A version of this article was first published in the British Medical Journal.



1. Majeed A, Maile EJ, Bindman AB. The primary care response to COVID-19 in England’s National Health Service. Journal of the Royal Society of Medicine. 2020;113(6):208-210.

2. Anderson M, O’Neill C, Clark JM, Street A, Woods M, Johnston-Webber C, et al. Securing a sustainable and fit-for-purpose UK health and care workforce. The Lancet. 2021 May 22;397(10288):1992-2011.

3. Price A, Majeed A. Improving how secondary care and general practice in England work together: requirements in the NHS Standard Contract. Journal of the Royal Society of Medicine. 2018;111(2):42-46.

4. Rimmer A. GPs move towards industrial action after rejecting “rescue plan” for general practice BMJ 2021; 375:n2594

5. Majeed A, Buckman L. Should all GPs become NHS employees? BMJ 2016; 355:i5064

General Practice in England: The Current Crisis, Opportunities and Challenges

General practice or family medicine has historically been lauded as the “jewel in the crown” of the English National Health Service (NHS). General practice, at the heart of primary care, has continued to contribute to the high ranking of the NHS in international comparisons and evidence from several decades of research has shown that general practice in the UK has improved the nation’s health. Furthermore, it has provided equitable, cost-effective, and accessible care for all with the flexibility to adapt rapidly to a changing society and political climates, such as during the COVID-19 pandemic when there was rapid implementation of remote consultation models. However, this much-admired public sector service has recently come under unprecedented political and media spotlight instigated by the pressures of the current pandemic on the NHS. This coupled with collapsing morale among general practitioners (GPs), a shrinking GP workforce, inexorable demands, increasing workload, and decreasing real-terms per capita funding have caused many to sound alarm on a general practice in “crisis”. In this article published in the Journal of Ambulatory Care Management, we describe the evolving nature of general practice and the current crisis, as well as potential solutions and opportunities going forward.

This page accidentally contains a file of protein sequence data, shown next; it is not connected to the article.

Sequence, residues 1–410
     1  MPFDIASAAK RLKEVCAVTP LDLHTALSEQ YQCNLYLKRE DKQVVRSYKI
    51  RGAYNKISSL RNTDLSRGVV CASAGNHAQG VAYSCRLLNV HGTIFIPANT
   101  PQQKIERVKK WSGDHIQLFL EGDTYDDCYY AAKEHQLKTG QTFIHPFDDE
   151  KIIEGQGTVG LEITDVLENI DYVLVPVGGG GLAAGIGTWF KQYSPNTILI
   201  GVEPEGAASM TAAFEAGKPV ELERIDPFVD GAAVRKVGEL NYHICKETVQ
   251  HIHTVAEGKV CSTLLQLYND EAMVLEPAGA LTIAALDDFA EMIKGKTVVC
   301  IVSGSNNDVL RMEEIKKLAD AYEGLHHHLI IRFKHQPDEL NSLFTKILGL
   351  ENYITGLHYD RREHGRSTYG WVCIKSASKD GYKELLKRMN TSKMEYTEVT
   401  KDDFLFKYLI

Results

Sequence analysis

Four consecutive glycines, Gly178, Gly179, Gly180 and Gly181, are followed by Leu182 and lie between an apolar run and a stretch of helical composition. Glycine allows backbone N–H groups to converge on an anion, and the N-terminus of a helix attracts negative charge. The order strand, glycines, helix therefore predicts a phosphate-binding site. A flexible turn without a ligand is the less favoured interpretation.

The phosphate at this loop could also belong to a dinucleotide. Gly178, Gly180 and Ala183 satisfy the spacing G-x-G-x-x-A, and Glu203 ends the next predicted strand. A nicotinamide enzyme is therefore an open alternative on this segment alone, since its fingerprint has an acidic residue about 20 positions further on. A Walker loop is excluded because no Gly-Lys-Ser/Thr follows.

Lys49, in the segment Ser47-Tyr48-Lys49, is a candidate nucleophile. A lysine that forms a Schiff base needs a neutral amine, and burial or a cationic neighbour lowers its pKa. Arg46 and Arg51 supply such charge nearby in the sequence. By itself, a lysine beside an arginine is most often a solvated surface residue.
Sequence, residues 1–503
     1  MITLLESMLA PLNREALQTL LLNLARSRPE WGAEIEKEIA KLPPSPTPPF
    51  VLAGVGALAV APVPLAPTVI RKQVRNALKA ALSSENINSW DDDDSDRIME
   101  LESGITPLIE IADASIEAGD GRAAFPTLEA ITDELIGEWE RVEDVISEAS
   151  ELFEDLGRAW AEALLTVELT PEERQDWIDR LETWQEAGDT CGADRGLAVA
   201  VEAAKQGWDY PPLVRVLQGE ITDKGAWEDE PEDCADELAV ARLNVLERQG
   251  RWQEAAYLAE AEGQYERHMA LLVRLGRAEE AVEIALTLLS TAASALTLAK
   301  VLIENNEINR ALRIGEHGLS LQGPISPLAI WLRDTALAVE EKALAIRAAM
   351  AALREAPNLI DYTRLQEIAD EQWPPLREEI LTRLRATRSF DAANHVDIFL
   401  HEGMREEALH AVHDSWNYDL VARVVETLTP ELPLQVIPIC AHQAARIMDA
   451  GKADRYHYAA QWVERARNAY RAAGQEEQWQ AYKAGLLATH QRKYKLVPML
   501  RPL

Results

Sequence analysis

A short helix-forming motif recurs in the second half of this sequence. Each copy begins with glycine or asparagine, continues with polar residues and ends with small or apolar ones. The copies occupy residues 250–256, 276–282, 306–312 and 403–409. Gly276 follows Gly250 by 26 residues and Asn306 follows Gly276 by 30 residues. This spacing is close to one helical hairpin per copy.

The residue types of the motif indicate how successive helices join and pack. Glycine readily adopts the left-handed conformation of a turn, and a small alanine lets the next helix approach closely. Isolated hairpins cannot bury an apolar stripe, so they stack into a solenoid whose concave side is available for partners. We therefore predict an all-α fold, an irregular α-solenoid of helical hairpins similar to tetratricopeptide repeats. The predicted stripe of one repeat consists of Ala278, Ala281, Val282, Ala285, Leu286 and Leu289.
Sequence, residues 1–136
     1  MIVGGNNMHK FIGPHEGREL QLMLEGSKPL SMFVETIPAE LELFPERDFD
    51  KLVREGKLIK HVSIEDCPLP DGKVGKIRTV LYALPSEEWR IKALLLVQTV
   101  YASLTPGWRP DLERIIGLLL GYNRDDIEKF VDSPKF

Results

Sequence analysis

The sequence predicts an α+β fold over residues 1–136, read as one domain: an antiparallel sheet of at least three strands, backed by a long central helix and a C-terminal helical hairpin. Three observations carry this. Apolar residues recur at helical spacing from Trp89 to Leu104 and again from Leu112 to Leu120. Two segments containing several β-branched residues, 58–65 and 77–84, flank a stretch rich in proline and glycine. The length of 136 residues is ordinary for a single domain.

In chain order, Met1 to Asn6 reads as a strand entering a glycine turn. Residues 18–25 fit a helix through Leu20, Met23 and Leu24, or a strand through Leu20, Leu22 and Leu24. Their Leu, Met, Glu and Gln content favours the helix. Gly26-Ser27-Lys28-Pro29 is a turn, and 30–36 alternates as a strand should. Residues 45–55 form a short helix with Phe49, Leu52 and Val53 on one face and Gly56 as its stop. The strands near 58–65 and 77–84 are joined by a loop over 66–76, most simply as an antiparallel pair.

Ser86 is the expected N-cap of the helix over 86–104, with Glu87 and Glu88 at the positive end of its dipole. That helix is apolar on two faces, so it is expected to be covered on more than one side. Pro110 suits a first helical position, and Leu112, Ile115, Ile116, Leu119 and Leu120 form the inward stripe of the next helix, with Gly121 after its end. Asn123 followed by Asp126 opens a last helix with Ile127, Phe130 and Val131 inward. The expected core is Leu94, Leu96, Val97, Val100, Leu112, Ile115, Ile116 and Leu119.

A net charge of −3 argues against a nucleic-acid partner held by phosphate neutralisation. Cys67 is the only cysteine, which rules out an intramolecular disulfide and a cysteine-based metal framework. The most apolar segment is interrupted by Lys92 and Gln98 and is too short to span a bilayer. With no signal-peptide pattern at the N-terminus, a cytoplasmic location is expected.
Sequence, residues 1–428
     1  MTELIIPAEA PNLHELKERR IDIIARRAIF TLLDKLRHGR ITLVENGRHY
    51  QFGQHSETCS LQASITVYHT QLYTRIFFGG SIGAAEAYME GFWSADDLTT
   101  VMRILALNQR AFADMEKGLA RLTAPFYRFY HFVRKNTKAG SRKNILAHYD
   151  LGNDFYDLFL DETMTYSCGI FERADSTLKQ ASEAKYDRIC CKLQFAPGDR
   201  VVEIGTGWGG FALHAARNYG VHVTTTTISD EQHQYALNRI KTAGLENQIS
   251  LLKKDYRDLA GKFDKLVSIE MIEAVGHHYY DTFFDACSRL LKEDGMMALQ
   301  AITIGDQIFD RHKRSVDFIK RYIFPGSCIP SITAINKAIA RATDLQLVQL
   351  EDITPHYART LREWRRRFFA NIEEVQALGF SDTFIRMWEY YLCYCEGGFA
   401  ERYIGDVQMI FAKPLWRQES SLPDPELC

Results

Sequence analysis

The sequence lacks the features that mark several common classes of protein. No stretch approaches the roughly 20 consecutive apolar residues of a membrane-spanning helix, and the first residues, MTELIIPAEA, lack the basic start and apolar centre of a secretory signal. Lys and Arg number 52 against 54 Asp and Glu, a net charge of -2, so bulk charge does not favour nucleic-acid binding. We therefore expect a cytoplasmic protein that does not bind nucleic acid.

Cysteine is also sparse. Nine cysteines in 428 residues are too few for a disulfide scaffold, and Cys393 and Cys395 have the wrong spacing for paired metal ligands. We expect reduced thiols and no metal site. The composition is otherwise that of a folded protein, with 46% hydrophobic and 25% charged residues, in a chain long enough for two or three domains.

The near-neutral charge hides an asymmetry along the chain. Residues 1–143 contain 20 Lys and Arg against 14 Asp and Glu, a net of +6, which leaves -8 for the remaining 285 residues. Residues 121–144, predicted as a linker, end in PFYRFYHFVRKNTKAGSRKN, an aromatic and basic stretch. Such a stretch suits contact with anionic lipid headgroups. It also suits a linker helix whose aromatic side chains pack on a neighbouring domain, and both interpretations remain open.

The full article can be read in the Journal of Ambulatory Care Management.

DOI: 10.1097/JAC.0000000000000410

Covid-19: Implications of ending the legal requirement to self isolate for employers and people who are clinically vulnerable

The government has just announced that all covid-19 restrictions in England are set to end. Boris Johnson, the UK prime minister, told MPs that he plans to remove the remaining restrictions, including the legal requirement to self isolate for people infected with covid-19. Instead of legislation, voluntary guidance will “advise” people with covid-19 not to attend workplaces. Employers will once again need to develop and implement new rules for their workplaces when the legal requirement to self isolate with covid-19 comes to an end. They should consider carefully how to develop and implement new policies fairly and safely in the workplace so that staff and customers—particularly those who are clinically vulnerable—are not put at risk.

Presenteeism occurs when employees go to work despite not being well enough to perform their duties. The NHS is the largest employer in England and the NHS Staff Survey showed a drop in presenteeism in 2020 compared to preceding years. This is likely an effect of covid-19, which forced workers and employers to endorse sick leave to prevent workplace outbreaks and has therefore gone some way to changing attitudes to calling in sick. Despite this, around 40% of NHS staff surveyed still reported coming to work in 2020, despite not being well enough to work.

Reasons why employees attend work while unwell include financial pressures. Statutory sick pay (currently £96.35 per week in England) is the minimum amount employers must pay to unwell employees; though not all workers are entitled to statutory sick pay—loopholes include agency work and zero hour contracts in certain situations. Though some workers are entitled to contractual sick pay which is closer to their normal salary, for many workers in England, taking sick leave means taking home less money; and sometimes no money at all.